“Economic data has been weak and the U.S. government shutdown should be hurting economic sentiment, but even that has been considered as positive for risk assets, on the grounds that they make it difficult for the Fed to raise rates.”

U.S. bond prices rebounded, with the benchmark 10-year yield slipping to 2.741 percent from Friday’s peak of 2.799 percent, the highest since Dec. 27, with money market futures pricing out any chance of a Fed rate hike this year.

The euro weakened against the dollar under the weight of recent weakness in the euro zone economy and worries about fallout from Brexit.

The common currency traded at $1.1365, having hit a three-week low of $1.1336 on Tuesday.

The dollar rose 0.35 percent to 109.73 yen, recovering the previous day’s losses-Reuters

Trump won’t soften hardline on China to make trade deal-advisers

WASHINGTON: As much as U.S. President Donald Trump wants to boost markets through a trade pact with China, he will not soften his position that Beijing must make real structural reforms, including how it handles intellectual property, to reach a deal, advisers say.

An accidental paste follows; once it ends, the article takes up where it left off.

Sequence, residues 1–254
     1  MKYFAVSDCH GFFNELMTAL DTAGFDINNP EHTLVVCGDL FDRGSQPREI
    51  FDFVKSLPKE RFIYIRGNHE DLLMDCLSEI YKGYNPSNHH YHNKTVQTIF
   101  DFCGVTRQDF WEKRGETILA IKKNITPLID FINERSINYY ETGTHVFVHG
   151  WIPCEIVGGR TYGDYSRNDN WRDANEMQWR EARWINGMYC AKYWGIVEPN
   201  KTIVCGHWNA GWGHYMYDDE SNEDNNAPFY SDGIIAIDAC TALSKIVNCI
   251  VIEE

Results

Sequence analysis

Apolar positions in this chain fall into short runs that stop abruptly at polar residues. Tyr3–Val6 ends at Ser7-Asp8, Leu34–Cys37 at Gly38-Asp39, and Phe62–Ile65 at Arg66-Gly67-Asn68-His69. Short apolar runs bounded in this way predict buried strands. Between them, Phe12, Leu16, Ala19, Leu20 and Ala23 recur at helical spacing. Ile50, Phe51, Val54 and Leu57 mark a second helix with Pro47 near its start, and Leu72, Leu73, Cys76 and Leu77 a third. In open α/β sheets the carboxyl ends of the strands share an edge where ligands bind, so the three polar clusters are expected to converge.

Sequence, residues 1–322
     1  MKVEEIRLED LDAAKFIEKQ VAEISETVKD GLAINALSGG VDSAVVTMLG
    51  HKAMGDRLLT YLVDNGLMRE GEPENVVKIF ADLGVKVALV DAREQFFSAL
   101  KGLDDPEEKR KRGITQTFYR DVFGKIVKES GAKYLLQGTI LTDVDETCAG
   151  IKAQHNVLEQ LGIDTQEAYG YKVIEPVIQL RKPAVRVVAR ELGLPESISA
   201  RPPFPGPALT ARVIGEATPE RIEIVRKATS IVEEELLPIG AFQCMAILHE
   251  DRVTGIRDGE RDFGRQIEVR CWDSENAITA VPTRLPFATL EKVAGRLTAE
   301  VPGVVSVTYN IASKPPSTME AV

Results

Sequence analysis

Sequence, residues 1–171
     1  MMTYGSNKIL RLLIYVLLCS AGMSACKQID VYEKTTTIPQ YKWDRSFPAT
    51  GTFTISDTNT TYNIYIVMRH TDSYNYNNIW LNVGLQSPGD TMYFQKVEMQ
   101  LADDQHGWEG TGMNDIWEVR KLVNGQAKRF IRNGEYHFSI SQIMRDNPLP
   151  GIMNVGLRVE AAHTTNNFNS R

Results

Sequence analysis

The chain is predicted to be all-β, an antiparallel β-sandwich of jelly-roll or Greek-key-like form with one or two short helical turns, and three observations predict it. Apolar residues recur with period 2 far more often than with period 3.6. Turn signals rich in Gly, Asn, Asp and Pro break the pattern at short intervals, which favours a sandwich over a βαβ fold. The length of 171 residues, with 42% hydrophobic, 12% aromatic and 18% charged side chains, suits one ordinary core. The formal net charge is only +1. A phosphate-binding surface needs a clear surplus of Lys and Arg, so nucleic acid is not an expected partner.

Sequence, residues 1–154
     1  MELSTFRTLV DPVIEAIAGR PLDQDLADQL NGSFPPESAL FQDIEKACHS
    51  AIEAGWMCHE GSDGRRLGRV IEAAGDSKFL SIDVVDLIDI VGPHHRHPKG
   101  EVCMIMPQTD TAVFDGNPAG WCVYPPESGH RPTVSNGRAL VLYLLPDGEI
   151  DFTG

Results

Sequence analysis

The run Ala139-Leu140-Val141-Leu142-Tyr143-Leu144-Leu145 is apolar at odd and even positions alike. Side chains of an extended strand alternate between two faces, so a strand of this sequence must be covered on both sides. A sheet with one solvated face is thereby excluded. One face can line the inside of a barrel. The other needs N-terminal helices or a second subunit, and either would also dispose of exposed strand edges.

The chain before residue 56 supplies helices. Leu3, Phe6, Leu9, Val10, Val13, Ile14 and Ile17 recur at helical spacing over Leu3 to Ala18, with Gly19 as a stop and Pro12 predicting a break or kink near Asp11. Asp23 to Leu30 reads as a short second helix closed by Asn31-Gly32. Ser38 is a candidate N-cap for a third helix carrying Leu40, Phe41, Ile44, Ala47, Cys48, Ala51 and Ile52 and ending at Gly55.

Offering to buy more American goods is unlikely by itself to overcome an issue that has bedeviled talks between the two countries. Those talks are set to continue when Chinese Vice Premier Liu He visits Washington at the end of January.

The United States accuses China of stealing intellectual property and forcing American companies to share technology when they do business in China. Beijing denies the accusations.

With a March 1 deadline approaching to reach an agreement or risk an escalation of tariffs on another $200 billion worth of Chinese goods, the two sides are still far apart on key, structural elements critical for a deal, according to sources familiar with the talks.

“We’re not yet in a position where our concerns have been addressed sufficiently,” one U.S. official said, speaking on condition of anonymity. The official said the Trump team, led by hardline U.S. Trade Representative Robert Lighthizer, was focused on such structural issues as well as trade imbalances.

White House economic adviser Larry Kudlow told Reuters that forced technology transfers, IP theft and ownership restrictions remained a top priority for Trump.

“The president’s said many times how crucial that is, and he’s not going to back down,” Kudlow said.

Lack of progress led the Trump administration to decline an in-person meeting with a lower-level Chinese delegation for preparatory talks ahead of Liu He’s visit, a source familiar with the situation told Reuters.

The Financial Times also reported that an offer for preparatory meeting was rejected, but White House officials pushed back on the suggestion that any meeting was canceled.

“With respect, the story is not true,” Kudlow told CNBC, referring to the FT report.

“The teams remain in touch in preparation for high-level talks with Vice Premier Liu He at the end of this month,” said White House spokeswoman Lindsay Walters.